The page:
Page:A cyclopedia of American medical biography vol. 2.djvu/39

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of Light Artillery of Maine, and served through the war.

He afterwards studied medicine at the Portland School for medical instruction, graduating at the Medical School of Maine in 1867. He then took post-grad- uate courses at Philadelphia and began to practice at Gorham until 1882, then find- ing the wear and tear of country practice too hard he moved to Portland, where he rapidly obtained a choice of clientage.

In 1884 he was chosen to the chair of physiology in the Medical School of Maine, but resigned in 1891, owing to poor health. He was a member of the Maine Medical Association, of the American Medical Association, and a visiting physician to the Maine General Hospital for many years. In 1887 he married Miss Gertrude Jewell, of Buffalo.

Henry Hunt was a type of the best class of physicians, studious, tireless, patient. His opinion was always prized. As a medical writer, Dr. Hunt showed great mastery for his subject, together with taste and skill in authorship, so that it was a matter of regret that he had not time oftener to prove his capa- bilities in that direction. Perhaps the best of his papers was one on "Diph- theria," (1886).

For several years before his death, Henry Hunt knew that he was a victim of an incurable disease due to an injury of the spinal cord.

His frequent sufferings, to which he jokingly referred as "just old fashioned rheumatism " were severe, but he kept at his work till about three months before his death.

He died November 30, 1894, and one does not see people today cry as they did at his funeral.

J. A. S. Trans. Maine Med. Assoc, 1894.

Hunt, Thomas (1808-1867).

Thomas Hunt was born in Charleston, South CaroHna, May 18, 1808 and died in New Orleans March 20, 1867. Of good lineage, his early education was under the accomplished scholar Bishop England,

his studies being directed to law, but his readings embraced all branches of litera- ture and science. His love of the classics adhered to him through life and his pro- ficiency in Greek was profound. Select- ing medicine as his profession, he received his M. D. from the University of Pennsyl- vania in 1829 then went to Paris, but was soon recalled by the death of his father and entered at once into practice. At the age of twenty-three he lectured on anatomy and operative surgery and taught practical anatomy. When the AmeHa was wrecked off Folly Island in 1832, he distinguished himself, along with Dr. Warren Stone, a passenger on that vessel, by his treatment and management of the cholera which attacked the unfor- tunate crew and voyagers.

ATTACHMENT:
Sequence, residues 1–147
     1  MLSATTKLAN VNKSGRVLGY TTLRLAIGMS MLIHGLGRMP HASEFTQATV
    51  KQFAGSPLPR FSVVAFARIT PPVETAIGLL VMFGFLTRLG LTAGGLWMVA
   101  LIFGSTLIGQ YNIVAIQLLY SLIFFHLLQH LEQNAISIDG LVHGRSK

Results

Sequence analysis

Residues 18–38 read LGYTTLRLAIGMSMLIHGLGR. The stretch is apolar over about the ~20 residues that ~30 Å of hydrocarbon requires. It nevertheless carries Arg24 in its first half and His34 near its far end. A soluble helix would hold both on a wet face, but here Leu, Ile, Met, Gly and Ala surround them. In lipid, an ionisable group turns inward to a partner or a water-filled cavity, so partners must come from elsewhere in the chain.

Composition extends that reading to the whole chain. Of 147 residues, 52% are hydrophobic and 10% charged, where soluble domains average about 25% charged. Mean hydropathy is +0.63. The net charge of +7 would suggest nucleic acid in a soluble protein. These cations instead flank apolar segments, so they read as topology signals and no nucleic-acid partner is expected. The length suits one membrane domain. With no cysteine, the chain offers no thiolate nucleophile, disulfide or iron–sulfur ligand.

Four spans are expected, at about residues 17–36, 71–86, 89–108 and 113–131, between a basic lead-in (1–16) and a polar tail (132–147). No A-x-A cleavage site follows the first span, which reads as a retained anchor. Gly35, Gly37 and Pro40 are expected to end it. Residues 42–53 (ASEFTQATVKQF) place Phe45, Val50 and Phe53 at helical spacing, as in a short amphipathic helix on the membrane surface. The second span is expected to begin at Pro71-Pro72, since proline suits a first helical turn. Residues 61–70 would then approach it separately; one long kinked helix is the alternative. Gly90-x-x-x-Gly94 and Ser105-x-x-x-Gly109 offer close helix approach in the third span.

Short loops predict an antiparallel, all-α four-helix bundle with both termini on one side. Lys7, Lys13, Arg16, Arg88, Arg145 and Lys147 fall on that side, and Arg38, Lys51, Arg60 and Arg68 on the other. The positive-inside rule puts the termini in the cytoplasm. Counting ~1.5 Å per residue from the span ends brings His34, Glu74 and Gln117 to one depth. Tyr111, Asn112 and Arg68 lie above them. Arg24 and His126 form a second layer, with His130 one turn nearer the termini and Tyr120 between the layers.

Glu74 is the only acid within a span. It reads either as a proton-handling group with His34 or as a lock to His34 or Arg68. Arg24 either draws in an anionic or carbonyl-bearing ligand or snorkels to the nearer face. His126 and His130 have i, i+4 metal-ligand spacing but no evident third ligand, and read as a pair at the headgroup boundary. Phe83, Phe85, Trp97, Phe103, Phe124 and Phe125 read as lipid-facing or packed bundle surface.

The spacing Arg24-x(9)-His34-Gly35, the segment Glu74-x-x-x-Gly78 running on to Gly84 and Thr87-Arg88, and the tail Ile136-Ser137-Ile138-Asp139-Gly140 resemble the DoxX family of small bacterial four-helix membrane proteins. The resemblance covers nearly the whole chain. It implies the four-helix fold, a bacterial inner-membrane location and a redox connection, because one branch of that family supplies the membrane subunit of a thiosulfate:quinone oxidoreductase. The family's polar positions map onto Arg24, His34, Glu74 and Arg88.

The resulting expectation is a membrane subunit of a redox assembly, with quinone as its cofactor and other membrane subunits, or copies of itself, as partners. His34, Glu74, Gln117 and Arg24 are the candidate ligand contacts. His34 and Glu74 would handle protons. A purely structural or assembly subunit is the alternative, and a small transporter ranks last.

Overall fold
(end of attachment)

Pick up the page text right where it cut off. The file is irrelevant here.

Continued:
In 1833 he removed to New Orleans, again to face cholera and to render him- self prominent in the warefare against, and conquest of, this disease. He was soon elected surgeon to the Charity Hos- pital, but held the office for a short while as it interfered with larger plans. He entered actively into the enterprise of estabhshing the Medical College in Louis- iana. The introductory lecture on anat- omy he delivered in 1834 and the existence and growth of the university were largely due to Hunt. He held the chairs of anat- omy and physiology, pathological anat- omy and practice, physiology and path- ology and special pathology; was dean of the faculty and at the time of his death president of the University of Louisiana, also surgeon to the Marine Hospital, New Orleans.

He wrote a good deal on dermatology, his pamphlets going through three edi- tions; these included:

"Practical Observations on Certain Diseases of the Skin generally pronounced Incurable," London, 1847.

"Memoir of the Medicinal Uses of Arsenic." 1849.

The professional life of Dr. Hunt ex- tended over thirty-eight years, thirty- four of wliich were spent in New Orleans.

J. G. R.

N. O. Med. and Surg. Jour., 1867.